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The equations of Euler-Lagrange elasticity describe elastic deformations without reference to stress or strain. These equations as previously published are applicable only to quasi-static deformations. This paper extends these equations to include time dependent deformations. To accomplish this, an appropriate Lagrangian is defined and an extrema of the integral of this Lagrangian over the original material volume and time is found. The result is a set of Euler equations for the dynamics of elastic materials without stress or strain, which are appropriate for both finite and infinitesimal deformations of both isotropic and anisotropic materials. Finally, the resulting equations are shown to be no more than Newton's Laws applied to each infinitesimal volume of the material.

Virtually all modern theories of elasticity [

Hardy defined an elastic material as one which when deformed, stores energy; and when it is returned to its original state, the stored energy is returned to its surroundings. This is known as hyper-elasticity [

relative change in distances between points,

To obtain the Euler-Lagrange differential equations, Hardy minimized the total energy,

which resulted in three Euler equations,

The advantage of Hardy’s approach is that Equation (3) is applicable to both infinitesimal and finite defor- mations as well as being appropriate for both anisotropic and isotropic materials. The disadvantage of this approach is that it is only appropriate for quasi-static deformations, since time dependence is not included. In this paper, I will extend this approach to include dynamics.

To add dynamics to the Euler-Lagrange elasticity equations several changes are needed to the quasi-static approach. First define each

with

Define the potential energy per unit original volume as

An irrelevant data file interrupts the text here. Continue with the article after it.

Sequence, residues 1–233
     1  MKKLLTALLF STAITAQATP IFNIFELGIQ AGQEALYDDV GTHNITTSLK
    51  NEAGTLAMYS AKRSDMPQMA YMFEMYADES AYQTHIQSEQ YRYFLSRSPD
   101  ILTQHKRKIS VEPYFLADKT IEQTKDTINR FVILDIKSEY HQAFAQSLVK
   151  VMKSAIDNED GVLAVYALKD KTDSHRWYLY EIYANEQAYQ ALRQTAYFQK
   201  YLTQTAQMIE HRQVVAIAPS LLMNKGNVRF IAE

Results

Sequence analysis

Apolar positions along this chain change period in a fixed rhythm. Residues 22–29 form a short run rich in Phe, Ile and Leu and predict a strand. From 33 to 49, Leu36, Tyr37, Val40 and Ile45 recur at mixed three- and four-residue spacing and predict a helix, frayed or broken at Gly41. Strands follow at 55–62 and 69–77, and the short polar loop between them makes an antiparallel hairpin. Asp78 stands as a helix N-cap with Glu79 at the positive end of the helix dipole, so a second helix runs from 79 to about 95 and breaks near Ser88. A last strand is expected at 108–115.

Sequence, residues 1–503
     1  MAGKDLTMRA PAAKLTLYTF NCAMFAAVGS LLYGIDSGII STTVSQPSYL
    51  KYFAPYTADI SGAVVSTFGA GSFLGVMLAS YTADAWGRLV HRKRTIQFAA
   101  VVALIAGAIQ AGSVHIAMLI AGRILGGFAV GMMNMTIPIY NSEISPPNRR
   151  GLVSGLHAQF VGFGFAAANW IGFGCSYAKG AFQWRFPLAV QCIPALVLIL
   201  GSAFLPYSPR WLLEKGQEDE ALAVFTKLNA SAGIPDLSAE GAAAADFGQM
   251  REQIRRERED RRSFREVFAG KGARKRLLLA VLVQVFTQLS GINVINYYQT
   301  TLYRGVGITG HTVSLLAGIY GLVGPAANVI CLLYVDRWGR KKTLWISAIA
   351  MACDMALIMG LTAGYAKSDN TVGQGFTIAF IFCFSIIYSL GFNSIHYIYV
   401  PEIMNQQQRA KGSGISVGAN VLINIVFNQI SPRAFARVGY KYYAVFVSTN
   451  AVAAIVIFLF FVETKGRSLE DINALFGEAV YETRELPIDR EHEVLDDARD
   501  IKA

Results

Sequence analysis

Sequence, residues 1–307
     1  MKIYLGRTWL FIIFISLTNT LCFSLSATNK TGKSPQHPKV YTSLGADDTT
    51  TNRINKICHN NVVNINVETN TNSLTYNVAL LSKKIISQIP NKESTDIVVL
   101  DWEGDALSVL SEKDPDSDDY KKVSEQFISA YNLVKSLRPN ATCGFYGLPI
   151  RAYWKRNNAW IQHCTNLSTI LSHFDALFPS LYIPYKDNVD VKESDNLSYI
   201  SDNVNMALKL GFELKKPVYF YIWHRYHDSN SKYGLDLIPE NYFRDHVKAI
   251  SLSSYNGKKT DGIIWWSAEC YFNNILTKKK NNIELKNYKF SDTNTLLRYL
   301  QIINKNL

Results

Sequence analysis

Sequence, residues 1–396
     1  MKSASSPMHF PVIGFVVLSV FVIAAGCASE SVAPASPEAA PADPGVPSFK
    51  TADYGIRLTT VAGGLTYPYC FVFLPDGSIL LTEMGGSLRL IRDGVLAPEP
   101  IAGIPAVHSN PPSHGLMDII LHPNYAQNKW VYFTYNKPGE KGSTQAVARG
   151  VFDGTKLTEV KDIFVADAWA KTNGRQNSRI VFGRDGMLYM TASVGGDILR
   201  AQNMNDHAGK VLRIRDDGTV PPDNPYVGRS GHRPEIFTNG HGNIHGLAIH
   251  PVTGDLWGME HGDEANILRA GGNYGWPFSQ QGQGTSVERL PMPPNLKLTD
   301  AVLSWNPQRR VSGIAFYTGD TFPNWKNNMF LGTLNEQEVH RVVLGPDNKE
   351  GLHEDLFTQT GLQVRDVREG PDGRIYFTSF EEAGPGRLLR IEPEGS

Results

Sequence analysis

Substitute Equation (1) into Equation (6) with

Now find the extrema of

Since

Substituting

or

Equation (11) are the equations of dynamics for deformation of elastic materials. All that is required is to define

tions. One method is to define

Note that no assumptions of infinitesimal deformation or isotropy have been made to derive Equation (11), so they are applicable for both infinitesimal and finite deformations of both isotropic and anisotropic materials. The most surprising thing about Equation (11) is that each term in Equation (11) can be given a simple physical interpretation.

In order to give a physical interpretation to the individual terms in Equation (11) consider a small cuboid defined

as

unit original volume of this cuboid with respect to time in the limit as

force per unit original volume applied to all the surfaces of the cuboid as the volume of the cuboid shrinks to

zero. In other words, Equation (11) is just an expression of Newton’s laws

volume of the material.

To see that

recall that Hardy [

Let

For our cuboid, defined as

For example,

Taking the limit as the dimensions of the cube go to zero gives the net force per unit original volume on region b in the

A similar argument using

and

Next consider

and in general

Combining these results, we have the total force in the

for i = 1, 2, 3, and summed over j = 1, 2, 3, which is the third term in Equation (11). Thus

is the net surface force per unit original volume in the

shown. There are forces on the rear surfaces that also contribute to each

The procedure outlined in the last section to calculate the force on a plane after a deformation seems a bit convoluted in that the location of the plane before any deformation must be found in order to find the force on the plane after deformation. However, Equation (12) are excellent for applying Neumann boundary conditions to Equation (11). As an example, consider the case of deforming a rectangular body as shown in

If the force is applied uniformly over the area,

Finite deformations may displace and distorted planes in the cuboid from their original positions, but as long as inversions are not allowed, the same bounding surfaces of the cuboid are found regardless of how the material

is deformed. The values of

vectors are unchanged by the deformation. Thus the forces shown in Figures 1-3 may be displaced due to the finite deformation, but the orientation of each component of each force from each surface is the same and the

form of the sum of the forces,

Lastly, it is tempting to consider the second order tensor quantity

stress for infinitesimal deformations. This is because

surface vector, not the current one to get the force at the current location.

The equations for dynamics in Euler-Lagrange elasticity have been derived. These equations are shown to be a

simple statement of Newton’s Law

equations, Equation (11), are applicable to infinitesimal and finite deformations for both isotropic and anisotropic materials.